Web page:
Corrections or additions?

This article was prepared by Elaine Strauss for the May 4, 2005

issue of U.S. 1 Newspaper. All rights reserved.

New Jersey Opera Theater Performs Verdi

by Elaine Strauss

After first watching conductor Michael Recchiuti run a master class

and, some weeks later, interviewing him by telephone, I would like to

see him take charge of as much as he can. His amalgam of charm and

intelligence is outstanding.

Furthermore, his candor is staggering. Worried that he may have said

something indiscreet, I ask whether he wants to see his exact words in

print. He assures me that all his remarks are on the record.

Recchiuti conducts a concert version of Giuseppe Verdi’s "Il

Trovatore" in Richardson Auditorium, on Friday, May 6. Principal

conductor of the New Jersey Opera Theater, his international

conducting career includes multiple gigs in Italy and stops in

Budapest and the Dominican Republic.

The "Trovatore" cast features singers with formidable performing

credentials. Recchiuti’s wife, soprano Elizabeth Blanke-Biggs,

(Metropolitan Opera and others) is Leonora. The two met in New York

City when they appeared in Bellini’s "Norma" at a small opera company.

Others in the cast include Allan Glassman (Metropolitan Opera and

others), Manrico; Peter Castaldi (Carnegie Hall and regional opera

companies), Conte di Luna; and Eugenie Grunewald (San Francisco Opera

and others), Azucena.

Pungently, Recchiuti compares the pluses and minuses of opera in

concert and opera fully staged. "As singers, conductors, and

musicians, we have lived through the tyranny of the stage director,"

he says. "Whereas some stage directors are clever and culturally

prepared, there are some who are not clever and culturally prepared,

who have political and social and sexual agendas and who filter the

work through this agenda. It is kind of fun to work without having to

worry about a stage director." On the other side, sensitive to the

benefits of staged opera, Recchiuti says, "Without the visuals of

costumes, scenery, and lighting, dramatic actions may not be set off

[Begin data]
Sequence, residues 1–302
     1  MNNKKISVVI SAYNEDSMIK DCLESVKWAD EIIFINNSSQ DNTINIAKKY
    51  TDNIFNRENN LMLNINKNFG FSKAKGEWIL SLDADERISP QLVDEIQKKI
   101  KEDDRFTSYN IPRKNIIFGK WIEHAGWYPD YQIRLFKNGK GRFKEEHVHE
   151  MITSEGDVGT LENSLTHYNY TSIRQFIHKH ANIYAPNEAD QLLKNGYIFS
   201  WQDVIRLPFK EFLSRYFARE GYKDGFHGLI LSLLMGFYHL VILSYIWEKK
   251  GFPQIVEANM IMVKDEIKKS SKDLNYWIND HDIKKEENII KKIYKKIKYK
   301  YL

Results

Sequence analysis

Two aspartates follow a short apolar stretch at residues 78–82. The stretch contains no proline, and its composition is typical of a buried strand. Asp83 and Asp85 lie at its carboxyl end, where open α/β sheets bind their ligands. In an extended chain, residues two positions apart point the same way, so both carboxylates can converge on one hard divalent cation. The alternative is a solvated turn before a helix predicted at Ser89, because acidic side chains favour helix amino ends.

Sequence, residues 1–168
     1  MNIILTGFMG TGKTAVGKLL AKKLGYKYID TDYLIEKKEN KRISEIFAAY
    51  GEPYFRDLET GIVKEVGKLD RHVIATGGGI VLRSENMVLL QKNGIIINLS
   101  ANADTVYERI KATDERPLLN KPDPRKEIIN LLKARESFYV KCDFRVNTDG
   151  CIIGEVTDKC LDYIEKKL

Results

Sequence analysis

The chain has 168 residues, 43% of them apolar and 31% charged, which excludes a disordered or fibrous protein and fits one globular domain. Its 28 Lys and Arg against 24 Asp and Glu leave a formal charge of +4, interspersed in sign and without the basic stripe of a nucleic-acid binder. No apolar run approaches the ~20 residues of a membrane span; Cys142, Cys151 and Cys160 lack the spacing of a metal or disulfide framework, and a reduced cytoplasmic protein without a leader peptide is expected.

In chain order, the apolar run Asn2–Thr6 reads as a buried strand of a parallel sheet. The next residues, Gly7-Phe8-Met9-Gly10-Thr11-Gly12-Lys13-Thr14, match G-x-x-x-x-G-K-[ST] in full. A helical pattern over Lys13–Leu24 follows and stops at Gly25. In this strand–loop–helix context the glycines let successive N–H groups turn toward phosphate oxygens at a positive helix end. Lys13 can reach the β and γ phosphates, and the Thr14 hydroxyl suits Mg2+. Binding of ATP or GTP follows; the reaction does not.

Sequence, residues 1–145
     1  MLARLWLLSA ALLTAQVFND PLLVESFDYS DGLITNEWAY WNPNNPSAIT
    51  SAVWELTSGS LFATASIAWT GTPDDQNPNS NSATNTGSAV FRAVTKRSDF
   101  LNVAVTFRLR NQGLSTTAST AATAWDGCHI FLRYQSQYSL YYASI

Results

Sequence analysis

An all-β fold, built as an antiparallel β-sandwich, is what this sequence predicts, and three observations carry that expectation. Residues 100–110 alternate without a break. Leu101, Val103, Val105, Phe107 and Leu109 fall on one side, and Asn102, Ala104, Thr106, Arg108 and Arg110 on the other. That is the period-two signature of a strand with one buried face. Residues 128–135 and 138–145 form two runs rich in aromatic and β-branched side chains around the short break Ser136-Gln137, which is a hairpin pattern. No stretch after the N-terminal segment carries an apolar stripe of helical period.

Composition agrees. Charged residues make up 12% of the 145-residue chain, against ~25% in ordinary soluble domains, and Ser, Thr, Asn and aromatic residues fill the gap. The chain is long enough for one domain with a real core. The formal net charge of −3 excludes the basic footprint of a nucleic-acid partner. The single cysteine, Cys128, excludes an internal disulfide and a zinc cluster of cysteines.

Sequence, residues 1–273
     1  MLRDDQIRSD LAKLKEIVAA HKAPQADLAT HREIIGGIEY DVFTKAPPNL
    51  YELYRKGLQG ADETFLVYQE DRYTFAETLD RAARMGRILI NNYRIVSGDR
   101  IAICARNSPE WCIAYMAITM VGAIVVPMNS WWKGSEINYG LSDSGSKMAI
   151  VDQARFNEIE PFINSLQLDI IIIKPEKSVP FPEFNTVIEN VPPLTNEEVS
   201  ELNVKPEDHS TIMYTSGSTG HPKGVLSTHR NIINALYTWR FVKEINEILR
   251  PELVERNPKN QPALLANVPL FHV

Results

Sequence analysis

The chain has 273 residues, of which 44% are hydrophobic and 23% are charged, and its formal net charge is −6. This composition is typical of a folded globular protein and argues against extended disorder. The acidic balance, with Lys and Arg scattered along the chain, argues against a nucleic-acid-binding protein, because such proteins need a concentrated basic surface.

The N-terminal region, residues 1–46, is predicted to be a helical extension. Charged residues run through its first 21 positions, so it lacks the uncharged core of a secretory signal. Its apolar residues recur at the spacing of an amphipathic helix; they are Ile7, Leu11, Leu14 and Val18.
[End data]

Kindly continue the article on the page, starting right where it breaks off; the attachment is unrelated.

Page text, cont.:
in such a bold way."

"In ‘Trovatore,’" he says, "we have international level singers, who

will be able to convey relationships even if they are in tails and

evening gowns, by using their communicative skills as highly-developed

performers. The costumes and makeup are the icing on the cake. Opera

is not just a clever display of voices with scenery. It’s about human

communication."

With tuneful passion, "Il Trovatore," ("The Troubador") communicates a

tale of gypsy vengeance and hidden identity in 15th century Spain.

Leonora, a lady-in-waiting, is in love with Manrico, a warrior

troubadour. Manrico is the supposed son of Azucena, a gypsy, whose

mother was burned at the stake for causing the childhood illness of

the Conte di Luna’s brother.

The Conte di Luna is in love with Leonora and challenges Manrico to a

duel. Believing that Manrico is dead, Leonora wants to enter a

convent. Manrico heads her off and the couple plans to be married.

Leonora and Manrico learn that di Luna’s guards have captured Azucena.

Attempting to save Azucena, Manrico is captured by di Luna.

Leonora tells di Luna that she will marry him if he frees Manrico.

Faithful to Manrico, Leonora secretly poisons herself. She dies in

Manrico’s arms. Di Luna executes Manrico as Azucena reveals that the

two men are brothers.

The orchestra of almost 60, which Recchiuti leads for the Richardson

"Trovatore," is the size that Verdi called for at La Scala and Rome in

the 1850s. Recchiuti conducted Mozart’s "Don Giovanni" using a single

piano during New Jersey Opera Theater’s sold-out inaugural summer

season in 2004. The Verdi work will be presented with a full

orchestra. Recchiuti is also slated to lead a full orchestra in a

fully-staged version of Mozart’s "Marriage of Figaro," one of three

operas to be presented by NJOT in 2005.

Recchiuti says he is happy with his role as a conductor. He has no

interest in stage directing. "As a conductor I have enough control.

When I’m conducting I am a stage director. The conductor is the only

one who knows the whole opera. He is ultimately responsible for

interpreting what is in the score. I don’t know a single stage

director who can read a score or who speaks a foreign language."

"There must be a close working relationship between conductor and

stage director," he says. "I always make it work out. Ultimately, what

it says in the score is what you communicate. If stage directors are

going 180 degrees against the score, when I point it out, they tend to

come around."

Born in 1957 in Philadelphia, Recchiuti calls his family un-musical.

"It’s my own aberration," he says. His father, a butcher, had a

supermarket where the entire family worked. Recchiuti describes his

mother as a typical Ukrainian-Jewish mother. "My father would have

preferred that I have a real job," he says. "When I decided to pursue

music, they kept me on a tight string but they were supportive. I had

to work while I was in school. From the time I was 16 or 17 I was

getting paid to do music. I didn’t have to slice salami anymore.

That’s good if you’re a pianist."